NTSB investigators used data provided by various entities, including, but not limited to, the Federal Aviation Administration and/or the operator and did not travel in support of this investigation to prepare this aircraft accident report.
The pilot of the amphibious airplane reported that he made a normal approach to landing with near glassy water conditions. Shortly after contact with the water, the right sponson separated and the right wing impacted the water, causing the airplane to spin 180 degrees and come to a stop. The pilot attempted to water taxi to shore, but the cabin area began taking on water. Before reaching the shore, the pilot and passenger decided to perform an emergency evacuation and boarded a boat that had come to provide assistance. The airplane sunk after the pilot and passenger evacuated the airplane.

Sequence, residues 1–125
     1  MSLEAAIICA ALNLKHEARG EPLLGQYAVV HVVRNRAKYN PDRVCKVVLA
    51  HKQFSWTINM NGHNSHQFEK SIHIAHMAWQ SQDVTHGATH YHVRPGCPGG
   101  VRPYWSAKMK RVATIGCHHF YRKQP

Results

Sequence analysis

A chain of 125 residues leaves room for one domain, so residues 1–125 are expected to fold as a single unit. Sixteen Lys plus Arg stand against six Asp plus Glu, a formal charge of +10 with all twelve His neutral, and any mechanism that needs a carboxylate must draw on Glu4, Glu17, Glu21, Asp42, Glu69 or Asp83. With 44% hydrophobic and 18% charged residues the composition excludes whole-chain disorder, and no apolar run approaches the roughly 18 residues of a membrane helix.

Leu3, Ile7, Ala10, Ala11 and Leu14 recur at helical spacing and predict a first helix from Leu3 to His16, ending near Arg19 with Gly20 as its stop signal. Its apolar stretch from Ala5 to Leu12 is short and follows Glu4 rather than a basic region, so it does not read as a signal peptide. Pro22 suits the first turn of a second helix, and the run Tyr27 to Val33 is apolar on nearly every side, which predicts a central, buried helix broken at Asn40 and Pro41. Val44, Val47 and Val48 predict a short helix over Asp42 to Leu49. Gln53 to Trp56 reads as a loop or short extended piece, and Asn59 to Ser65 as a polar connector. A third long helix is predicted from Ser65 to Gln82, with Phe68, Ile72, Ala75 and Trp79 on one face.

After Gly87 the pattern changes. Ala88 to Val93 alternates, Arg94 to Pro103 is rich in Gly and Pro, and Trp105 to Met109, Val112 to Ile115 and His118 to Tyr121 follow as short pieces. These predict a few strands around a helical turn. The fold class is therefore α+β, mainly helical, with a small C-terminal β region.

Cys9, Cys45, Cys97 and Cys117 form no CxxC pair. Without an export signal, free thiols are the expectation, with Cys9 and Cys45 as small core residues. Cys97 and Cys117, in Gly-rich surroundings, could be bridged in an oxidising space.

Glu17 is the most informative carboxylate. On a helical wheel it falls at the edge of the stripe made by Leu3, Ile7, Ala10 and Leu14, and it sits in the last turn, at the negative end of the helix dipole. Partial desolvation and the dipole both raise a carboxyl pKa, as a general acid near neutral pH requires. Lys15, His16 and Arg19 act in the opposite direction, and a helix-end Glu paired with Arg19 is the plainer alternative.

During a post-accident interview with the pilot, he stated that "the right wing may have dipped" during landing and reported "significant damage" to the right wing flap after the sponson separated during the touchdown. The airplane was later recovered, but the right sponson was not located. A Federal Aviation Administration Aviation Safety Inspector observed damage to the right wing at the wing root and noted the sponson detachment does not appear to have been due to any design or assembly issue.
The pilot reported no mechanical malfunctions or failures with the airplane that would have precluded normal operation. The airplane sustained substantial damage to the right wing and fuselage.